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Teng Shuyan (Year 2, Pharmacy in Chinese Medicine) Despite having returned to Hong Kong for several days, the scenes of Future Village keep popping in my mind. One scene, in particular, is the room in which we painted the words â€œNEPAL=Never Ending Peace And Loveâ€? on one of the walls. These five words will remain in my mind forever, and all my best wishes go to the people of Nepal for their kindness and spirit.
Li Pik Wa (Year 4, Physical Education and Recreation Management) The people of Nepal are happy and satisfied with their present lives. They live simple lives and are pure and true. After seeing this, it occurs to me that I am blessed and should cherish what I have now instead of complaining endlessly.
ng with local stu dents engagi and g din l i bu m
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Feature Story Chuang Hoi Kiu (Year 3, Sociology) Participant of Project M.A.I.L. Before I went on this trip, I innocently thought voluntary teaching would merely bring benefits to the kids. Out of my expectation, the children there inadvertently helped me realise the dream I gave up on two years ago. Teaching had been my dream career since I was in primary school. However, I ended up straying from this dream after entering university. Thanks to this programme, as well as to the little kids I met at Qinglong Chijiang Primary School, I managed to rediscover my inherent teaching qualities and passion. I felt so at ease and natural while teaching in front of a class and talking to the children, even when the class I had to manage was an uncontrollable one. I was also glad to see the impact I made on the children in just six days. There was a little boy who scored zero in all his exams. But from the drawing he gave to me and his responses in class, I could see that his world is full of imagination. In our interactions, I discovered he is not that naughty and unwilling to listen to teachers. Therefore, I
tried to talk to him every day during recess and motivate him to learn. I was so touched when he came to me before I left and said he would work hard and visit me in Hong Kong someday. This little boy and all other kids have proven to me that a teacher still has the power to cause changes. Seeing how a teacher could make a positive impact on children was a touching experience. More importantly, I was blessed to have my amazing teammates with me through all the ups and downs of this trip. Their support was crucial to me, especially when I doubted my ability to be the PIC of the Childrenâ€™s Day event. The friendship between us was yet another surprising and valuable takeaway from this trip. And to top it off, I will always remember how enthusiastic and recharged I was when I got on the train home. This attitude and passion will remain with me in the pursuit of my dreams in life. Project M.A.I.L. is certainly not a once-and-for-all experience for me. I am sure I will return to the town of Qinglong in Jiangxi province soon.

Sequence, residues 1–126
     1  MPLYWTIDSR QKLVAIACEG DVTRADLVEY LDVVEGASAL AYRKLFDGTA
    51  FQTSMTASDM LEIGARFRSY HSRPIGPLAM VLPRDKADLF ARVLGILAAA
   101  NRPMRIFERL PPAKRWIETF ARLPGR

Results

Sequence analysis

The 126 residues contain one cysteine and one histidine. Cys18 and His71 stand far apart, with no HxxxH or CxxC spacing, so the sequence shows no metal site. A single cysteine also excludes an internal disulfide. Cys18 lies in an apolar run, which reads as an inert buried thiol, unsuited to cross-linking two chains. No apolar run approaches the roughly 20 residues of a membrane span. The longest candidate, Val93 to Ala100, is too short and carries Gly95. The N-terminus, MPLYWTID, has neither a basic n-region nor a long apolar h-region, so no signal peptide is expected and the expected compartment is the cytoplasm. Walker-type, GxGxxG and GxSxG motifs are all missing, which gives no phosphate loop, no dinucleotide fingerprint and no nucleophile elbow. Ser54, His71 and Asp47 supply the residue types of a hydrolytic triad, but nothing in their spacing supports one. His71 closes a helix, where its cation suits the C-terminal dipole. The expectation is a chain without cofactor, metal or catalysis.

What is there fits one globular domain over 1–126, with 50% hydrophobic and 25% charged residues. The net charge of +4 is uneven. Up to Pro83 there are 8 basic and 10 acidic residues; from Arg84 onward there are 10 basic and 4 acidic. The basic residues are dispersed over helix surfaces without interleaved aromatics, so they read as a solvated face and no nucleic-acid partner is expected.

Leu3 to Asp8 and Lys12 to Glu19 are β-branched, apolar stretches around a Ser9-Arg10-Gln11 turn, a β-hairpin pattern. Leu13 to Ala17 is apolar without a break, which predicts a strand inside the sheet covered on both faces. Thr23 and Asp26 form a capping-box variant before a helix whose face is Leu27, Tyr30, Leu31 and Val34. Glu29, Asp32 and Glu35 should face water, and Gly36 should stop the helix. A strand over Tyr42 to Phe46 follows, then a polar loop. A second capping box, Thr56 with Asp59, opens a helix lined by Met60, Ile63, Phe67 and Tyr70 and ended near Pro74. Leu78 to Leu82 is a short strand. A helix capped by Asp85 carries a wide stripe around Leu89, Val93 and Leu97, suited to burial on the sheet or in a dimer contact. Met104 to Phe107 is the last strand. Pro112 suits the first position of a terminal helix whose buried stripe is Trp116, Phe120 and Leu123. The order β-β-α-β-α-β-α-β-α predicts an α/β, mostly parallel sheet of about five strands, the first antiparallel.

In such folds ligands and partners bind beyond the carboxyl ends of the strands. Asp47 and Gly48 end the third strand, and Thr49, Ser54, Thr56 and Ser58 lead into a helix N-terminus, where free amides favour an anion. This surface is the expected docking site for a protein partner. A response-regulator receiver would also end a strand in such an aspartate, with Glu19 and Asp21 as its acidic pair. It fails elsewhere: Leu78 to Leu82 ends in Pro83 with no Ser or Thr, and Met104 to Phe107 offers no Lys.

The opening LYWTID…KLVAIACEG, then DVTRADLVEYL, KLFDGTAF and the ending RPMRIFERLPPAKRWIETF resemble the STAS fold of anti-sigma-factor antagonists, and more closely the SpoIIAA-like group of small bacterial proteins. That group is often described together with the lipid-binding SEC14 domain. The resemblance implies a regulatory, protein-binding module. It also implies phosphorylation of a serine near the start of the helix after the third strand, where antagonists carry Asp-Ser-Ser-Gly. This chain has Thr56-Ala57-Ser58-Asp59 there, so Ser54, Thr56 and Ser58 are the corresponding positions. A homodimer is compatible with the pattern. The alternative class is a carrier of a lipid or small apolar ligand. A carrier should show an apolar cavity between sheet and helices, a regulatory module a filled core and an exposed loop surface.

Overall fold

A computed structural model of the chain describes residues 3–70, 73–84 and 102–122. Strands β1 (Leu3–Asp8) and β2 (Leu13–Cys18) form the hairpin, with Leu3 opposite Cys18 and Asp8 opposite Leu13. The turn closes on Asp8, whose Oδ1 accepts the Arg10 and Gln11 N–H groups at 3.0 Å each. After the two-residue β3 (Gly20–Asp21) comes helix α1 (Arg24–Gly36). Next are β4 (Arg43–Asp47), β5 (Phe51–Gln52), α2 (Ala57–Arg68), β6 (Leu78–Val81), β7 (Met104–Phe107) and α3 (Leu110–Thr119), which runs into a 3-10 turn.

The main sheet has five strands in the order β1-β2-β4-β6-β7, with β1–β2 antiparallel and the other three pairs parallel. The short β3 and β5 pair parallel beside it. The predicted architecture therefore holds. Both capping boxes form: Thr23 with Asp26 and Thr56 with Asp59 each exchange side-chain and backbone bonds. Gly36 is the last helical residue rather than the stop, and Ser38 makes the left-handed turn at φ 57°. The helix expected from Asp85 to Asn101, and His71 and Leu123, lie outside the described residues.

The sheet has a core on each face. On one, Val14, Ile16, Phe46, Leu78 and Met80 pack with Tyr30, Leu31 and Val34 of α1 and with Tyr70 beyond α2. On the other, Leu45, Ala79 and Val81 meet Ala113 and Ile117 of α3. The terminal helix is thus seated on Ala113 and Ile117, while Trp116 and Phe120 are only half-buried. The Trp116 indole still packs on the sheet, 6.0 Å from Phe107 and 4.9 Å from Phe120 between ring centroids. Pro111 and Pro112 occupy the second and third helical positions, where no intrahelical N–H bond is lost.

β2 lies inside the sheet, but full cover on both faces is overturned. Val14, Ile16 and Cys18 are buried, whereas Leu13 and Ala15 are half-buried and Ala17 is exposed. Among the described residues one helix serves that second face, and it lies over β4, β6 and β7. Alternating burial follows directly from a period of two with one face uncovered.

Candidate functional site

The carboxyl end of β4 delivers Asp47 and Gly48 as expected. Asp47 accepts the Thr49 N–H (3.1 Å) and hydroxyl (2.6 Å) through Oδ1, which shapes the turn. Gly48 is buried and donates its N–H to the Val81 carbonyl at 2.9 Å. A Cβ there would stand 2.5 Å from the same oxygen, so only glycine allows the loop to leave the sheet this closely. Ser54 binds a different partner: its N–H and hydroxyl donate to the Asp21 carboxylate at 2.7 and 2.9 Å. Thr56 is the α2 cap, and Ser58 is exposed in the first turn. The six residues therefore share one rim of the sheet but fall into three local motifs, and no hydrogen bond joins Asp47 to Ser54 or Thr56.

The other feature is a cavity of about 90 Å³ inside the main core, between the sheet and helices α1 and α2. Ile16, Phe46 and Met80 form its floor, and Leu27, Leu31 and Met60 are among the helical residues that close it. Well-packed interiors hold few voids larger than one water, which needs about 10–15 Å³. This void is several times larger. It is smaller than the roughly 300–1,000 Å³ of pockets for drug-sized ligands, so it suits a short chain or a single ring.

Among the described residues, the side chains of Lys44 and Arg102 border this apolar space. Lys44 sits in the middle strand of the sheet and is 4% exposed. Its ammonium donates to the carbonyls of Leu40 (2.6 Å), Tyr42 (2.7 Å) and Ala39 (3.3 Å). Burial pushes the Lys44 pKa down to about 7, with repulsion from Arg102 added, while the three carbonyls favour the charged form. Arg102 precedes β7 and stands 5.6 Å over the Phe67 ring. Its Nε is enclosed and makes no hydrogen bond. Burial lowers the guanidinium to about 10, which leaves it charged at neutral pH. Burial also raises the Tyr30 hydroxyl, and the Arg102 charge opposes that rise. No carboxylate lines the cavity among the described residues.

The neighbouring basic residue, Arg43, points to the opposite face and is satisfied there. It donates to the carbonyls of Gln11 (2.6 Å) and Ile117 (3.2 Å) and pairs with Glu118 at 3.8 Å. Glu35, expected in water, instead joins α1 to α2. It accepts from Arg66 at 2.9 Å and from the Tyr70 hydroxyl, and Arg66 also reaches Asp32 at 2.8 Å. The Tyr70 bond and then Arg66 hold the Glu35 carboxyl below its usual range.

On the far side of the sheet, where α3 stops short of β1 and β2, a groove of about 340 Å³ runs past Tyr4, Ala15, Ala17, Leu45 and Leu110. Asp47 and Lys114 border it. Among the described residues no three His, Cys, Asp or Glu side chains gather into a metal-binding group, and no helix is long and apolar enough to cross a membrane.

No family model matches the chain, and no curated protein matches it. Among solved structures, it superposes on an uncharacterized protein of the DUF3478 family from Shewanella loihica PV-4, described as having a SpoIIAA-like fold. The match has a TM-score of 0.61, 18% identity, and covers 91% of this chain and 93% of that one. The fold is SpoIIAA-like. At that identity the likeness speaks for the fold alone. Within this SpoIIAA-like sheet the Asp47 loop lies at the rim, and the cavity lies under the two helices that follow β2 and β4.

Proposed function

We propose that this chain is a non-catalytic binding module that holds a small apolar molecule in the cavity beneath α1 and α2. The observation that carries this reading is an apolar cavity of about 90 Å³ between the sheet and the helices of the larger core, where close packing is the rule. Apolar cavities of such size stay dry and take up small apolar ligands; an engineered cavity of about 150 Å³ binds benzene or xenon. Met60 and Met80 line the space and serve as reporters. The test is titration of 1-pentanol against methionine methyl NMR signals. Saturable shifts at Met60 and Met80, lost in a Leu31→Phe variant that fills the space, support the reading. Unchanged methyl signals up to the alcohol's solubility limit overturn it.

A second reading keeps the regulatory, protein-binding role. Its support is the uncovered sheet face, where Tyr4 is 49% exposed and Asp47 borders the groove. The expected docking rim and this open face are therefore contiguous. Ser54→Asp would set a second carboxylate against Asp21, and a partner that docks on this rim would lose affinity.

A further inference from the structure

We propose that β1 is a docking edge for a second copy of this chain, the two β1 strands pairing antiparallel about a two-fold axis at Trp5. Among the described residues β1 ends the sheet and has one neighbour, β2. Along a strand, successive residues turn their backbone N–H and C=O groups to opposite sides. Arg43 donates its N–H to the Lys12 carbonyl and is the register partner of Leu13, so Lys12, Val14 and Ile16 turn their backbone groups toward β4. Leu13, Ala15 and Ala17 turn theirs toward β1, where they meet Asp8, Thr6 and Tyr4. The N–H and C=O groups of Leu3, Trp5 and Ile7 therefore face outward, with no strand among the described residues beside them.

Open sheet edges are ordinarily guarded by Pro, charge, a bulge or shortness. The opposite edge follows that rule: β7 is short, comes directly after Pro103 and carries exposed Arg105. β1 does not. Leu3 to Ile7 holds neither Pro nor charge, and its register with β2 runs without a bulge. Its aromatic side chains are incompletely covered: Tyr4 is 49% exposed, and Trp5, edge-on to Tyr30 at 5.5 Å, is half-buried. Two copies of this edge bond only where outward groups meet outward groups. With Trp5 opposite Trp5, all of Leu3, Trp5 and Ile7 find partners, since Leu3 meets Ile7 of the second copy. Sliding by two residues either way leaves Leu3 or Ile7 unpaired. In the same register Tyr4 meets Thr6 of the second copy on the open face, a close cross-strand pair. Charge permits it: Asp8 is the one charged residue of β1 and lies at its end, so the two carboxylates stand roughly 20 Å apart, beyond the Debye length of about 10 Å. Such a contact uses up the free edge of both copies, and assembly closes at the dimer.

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Mar â€“ Jun 2017 Jiangxi, China Project M.A.I.L. is a three-year bi-annual sustainable service project aiming to provide long-term support to schools and communities in mainland China and to promote their self-development. Four groups of BU-ers â€“ Mainland Chinese students, Alumni, International and Local students (M.A.I.L.) â€“ will cooperate in organising and undertaking direct service work such as voluntary teaching, home visits, community service, as well as social research. By bringing M.A.I.L. together, participants of different backgrounds will have opportunities to learn from each other. The first service trip was held from 20 May to 2 June 2017 in Dayu county of Jiangxi province.
2 1 Teambuilding Workshop and Briefing The student organising committees delivered an interactive briefing to introduce the programme and the Dayu community. Additionally, the session included ice breakers, expectation sharing and team building activities aimed at establishing relationships between the participants.
Training and Preparation Workshops Students received training on different topics, such as classroom management, teaching skills and community map in preparation for the service trip. They also held meetings to discuss and prepare for voluntary teaching and other service work to be undertaken during the trip.
3 Pre-trip Briefing and Rehearsal A full-day rehearsal was organised as a final preparation before departure. Other than rehearsals of the teaching and activity plans, a pretrip briefing was also given to students as a final reminder.